By Ted Boehm
The U.S. House of Representatives will consider amending the federal Fair Labor Standards Act to permit private-sector employers to offer compensatory time off in lieu of monetary overtime compensation.
The fast-tracked Working Families Flexibility Act of 2013 (H.R. 1406) was approved by a House committee only eight days after its introduction.
Under the proposal, eligible non-union employees could agree to a comp-time arrangement “in writing or [in an] otherwise verifiable record.” The policy could be implemented for eligible unionized employees via a collective bargaining agreement. Participating employees would then receive at least 1.5 hours of comp time for each overtime hour worked. Read more…
It’s hard to believe that the FMLA (Family and Medical Leave Act) was signed into law 20 years ago. How has the FMLA impacted employers, workers and their families?
The U.S. Department of Labor recently conducted a survey addressing that very question. According to the report, the FMLA has had a positive effect on the lives of workers and their families without imposing an undue burden on employers, and has created very little disruption in the workplace.
Here are some key findings from the survey: Read more…
The new FMLA rule is now in effect. Here’s a handy guide to what you really need to know.
In 2008, the Family Medical and Leave Act was amended to provide leave for military families.
In 2010, the FMLA was amended again to expand military-leave protections and to add a special eligibility provision for airline flight crews. The new rule — which officially went into effect March 8 — puts those changes into practice. Read more…
Economists were surprised and investors pleased by the latest monthly jobs report from the Bureau of Labor Statistics Friday that said 236,000 jobs were created in February. That helped drop the U.S. unemployment rate down to 7.7 percent.
Every survey conducted before the numbers were released by the U.S. Department of Labor had the average prediction showing between about 150,000 and 165,000 jobs added in February. Most also predicted that January’s 7.9 percent unemployment rate wouldn’t change.
ADP’s job count, prepared by Moody’s Analytics and released Wednesday, came the closest to today’s numbers, reporting 198,000 private sector jobs were created during the month. Read more…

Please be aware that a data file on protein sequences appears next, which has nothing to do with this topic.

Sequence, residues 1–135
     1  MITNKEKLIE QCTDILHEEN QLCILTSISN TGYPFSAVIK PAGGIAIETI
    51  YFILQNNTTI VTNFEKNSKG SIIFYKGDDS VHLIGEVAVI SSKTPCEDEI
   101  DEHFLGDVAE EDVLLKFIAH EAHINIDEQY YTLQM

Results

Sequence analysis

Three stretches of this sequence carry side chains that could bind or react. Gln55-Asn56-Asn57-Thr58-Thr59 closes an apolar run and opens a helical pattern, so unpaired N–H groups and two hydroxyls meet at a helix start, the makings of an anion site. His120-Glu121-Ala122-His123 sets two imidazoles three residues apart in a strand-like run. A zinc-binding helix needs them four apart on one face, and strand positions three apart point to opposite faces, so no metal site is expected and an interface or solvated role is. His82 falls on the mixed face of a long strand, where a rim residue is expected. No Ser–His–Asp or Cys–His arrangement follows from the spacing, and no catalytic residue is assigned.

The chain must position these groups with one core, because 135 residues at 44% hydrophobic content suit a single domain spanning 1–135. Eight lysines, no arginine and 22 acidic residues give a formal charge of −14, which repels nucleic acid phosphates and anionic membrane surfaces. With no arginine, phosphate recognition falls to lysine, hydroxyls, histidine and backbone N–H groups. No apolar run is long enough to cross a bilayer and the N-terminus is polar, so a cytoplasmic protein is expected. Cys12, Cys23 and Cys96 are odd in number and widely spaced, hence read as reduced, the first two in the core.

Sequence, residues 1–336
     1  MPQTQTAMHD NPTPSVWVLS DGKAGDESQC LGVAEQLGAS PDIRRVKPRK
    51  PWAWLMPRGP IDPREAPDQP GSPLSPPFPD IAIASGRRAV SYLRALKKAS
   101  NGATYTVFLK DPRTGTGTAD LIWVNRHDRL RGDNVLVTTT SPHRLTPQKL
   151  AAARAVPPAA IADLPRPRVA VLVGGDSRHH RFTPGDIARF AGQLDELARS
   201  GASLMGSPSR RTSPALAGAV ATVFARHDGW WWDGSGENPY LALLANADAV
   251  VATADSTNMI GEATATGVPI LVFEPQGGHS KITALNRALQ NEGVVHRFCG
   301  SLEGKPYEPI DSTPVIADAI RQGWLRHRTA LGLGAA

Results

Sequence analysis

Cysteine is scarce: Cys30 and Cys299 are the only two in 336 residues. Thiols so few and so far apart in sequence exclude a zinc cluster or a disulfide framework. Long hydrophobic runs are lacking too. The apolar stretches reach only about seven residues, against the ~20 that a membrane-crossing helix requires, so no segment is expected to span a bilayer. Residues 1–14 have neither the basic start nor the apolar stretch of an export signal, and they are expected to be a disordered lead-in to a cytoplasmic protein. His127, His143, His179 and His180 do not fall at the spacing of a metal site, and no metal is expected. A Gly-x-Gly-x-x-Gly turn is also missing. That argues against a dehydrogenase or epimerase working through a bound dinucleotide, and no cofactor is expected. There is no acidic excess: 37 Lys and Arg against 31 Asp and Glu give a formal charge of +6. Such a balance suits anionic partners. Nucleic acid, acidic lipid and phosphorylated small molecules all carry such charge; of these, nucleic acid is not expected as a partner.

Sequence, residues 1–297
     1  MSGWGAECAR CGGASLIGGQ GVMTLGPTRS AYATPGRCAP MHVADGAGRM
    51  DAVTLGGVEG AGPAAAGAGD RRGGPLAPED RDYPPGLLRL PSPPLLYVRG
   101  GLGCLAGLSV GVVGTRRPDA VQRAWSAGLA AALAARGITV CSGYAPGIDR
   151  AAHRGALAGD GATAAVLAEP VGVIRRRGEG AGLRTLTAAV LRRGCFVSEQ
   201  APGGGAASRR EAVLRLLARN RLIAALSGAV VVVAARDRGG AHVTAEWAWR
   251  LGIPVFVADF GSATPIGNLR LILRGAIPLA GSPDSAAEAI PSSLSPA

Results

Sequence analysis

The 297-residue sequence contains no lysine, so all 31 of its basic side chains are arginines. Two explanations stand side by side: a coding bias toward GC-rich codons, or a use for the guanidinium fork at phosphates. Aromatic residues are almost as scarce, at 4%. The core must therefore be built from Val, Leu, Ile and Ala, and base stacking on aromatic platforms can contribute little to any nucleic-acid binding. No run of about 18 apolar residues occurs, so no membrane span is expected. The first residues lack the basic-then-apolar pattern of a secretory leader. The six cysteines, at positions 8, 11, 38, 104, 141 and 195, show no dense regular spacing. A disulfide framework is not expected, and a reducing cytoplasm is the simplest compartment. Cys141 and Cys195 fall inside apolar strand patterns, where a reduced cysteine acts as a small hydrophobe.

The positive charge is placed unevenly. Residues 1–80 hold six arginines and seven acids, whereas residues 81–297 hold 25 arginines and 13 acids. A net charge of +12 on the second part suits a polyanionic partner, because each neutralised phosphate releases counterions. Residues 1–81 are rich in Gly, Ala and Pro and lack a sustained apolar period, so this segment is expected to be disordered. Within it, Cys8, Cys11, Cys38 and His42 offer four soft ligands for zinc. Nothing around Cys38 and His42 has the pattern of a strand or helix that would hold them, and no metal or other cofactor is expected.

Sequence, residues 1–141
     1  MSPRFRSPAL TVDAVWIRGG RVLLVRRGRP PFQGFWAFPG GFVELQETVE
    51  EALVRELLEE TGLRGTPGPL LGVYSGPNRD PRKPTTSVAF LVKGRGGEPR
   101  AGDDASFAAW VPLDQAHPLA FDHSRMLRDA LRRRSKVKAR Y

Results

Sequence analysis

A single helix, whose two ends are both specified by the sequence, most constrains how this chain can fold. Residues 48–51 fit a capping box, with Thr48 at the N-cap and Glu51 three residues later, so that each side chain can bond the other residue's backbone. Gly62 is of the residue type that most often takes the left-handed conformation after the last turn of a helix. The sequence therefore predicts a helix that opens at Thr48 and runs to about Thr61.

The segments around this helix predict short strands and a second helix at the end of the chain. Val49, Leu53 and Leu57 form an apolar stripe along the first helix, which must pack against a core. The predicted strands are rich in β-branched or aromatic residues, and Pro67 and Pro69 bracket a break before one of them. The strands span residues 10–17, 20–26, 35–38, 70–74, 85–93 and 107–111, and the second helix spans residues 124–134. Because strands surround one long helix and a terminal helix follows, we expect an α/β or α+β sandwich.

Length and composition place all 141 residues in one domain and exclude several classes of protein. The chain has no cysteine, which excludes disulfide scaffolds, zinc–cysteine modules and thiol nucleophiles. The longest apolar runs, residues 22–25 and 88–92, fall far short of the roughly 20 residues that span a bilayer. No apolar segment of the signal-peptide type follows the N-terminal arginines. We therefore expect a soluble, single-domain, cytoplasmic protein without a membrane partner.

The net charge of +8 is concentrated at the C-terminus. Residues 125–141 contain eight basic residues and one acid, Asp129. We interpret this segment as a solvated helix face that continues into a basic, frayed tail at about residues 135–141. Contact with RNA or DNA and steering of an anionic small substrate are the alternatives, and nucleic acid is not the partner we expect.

By Eric B. Meyer
This Sunday, Daylight Savings Time begins, as we push the clocks forward one hour at 2:00 am on March 10, 2013.
Did someone say Clocks?
How does the time change affect the manner in which you pay hourly non-exempt employees who work the graveyard shift? I’ll let the U.S. Department of Labor explain: Read more…
By John E. Thompson
As we speculated in November, the U.S. Department of Labor apparently does intend to reinvigorate its so-called “Right to Know” initiative.
This vague and ambiguous proposal first surfaced in 2010 but was eventually shelved. The Labor Department has now announced its intention to conduct a survey “to collect information about employment experiences and workers’ knowledge of basic employment laws and rules so as to better understand employees’ experience with worker misclassification.” Read more…
By Alyssa Engelberg
On January 1, 2013, the minimum wage for employees working in Washington will increase to $9.19 per hour. On the same day, the minimum wage for employees working in Oregon will rise to $8.95 per hour.
With these increases, Washington and Oregon will remain the states with the two highest minimum wage rates in the entire country.
What do employers need to know about this change, aside from increasing their payroll accordingly? Read more…
By Kim Kiel Thompson
During the holiday season, many companies supplement the year-round workforce with temporary workers, including foreign workers employed under the H-2B temporary worker program.
The U.S. Department of Labor Wage and Hour Division has been ramping up its investigation and audit process for H-2B program users. If your company relies on the H-2B program to meet seasonal or peak needs, make sure that you are in compliance with all program requirements.
In order to employ H-2B temporary workers, an employer must prove to the Labor Department that the H-2B job is temporary (seasonal, peak-load, intermittent need or a one-time occurrence), that no U.S. workers are available to fill the temporary positions (accomplished by conducting specific recruitment steps), and that the wages and working conditions of U.S. workers will not be adversely affected by the employment of H-2B workers. Read more…
By John E. Thompson
For many years, some employers have chosen to “round” non-exempt employees’ time entries in computing their wages.
News items in recent days have reported on a California appellate court’s ruling in See’s Candy Shops, Inc. v. Superior Court and Silva that a properly administered “rounding” practice does not violate California wage-hour law.
This is of course good news for California employers, and to some extent for employers across the nation (See’s Candy is not binding precedent outside of California or under the federal Fair Labor Standards Act). Nevertheless, management should not take it as a foregone conclusion that “rounding” worktime is beyond dispute in every situation. Read more…
By Shannon Stevenson
Give your company the gift of an immigration audit this year – it may just keep your company off the government’s naughty list.
Here are the top 12 immigration mistakes employers made in 2012:
1. Failing to properly pay H-1B workers. The U.S. Department of Labor barred a Washington information technology consulting services company from participating in the H-1B program for two years, assessed $405,175 in civil money penalties, and ordered payment of $983,039.12 in back wages for numerous H-1B violations, including willful failure to pay required wages by demanding workers pay H-1B government filing fees. Read more…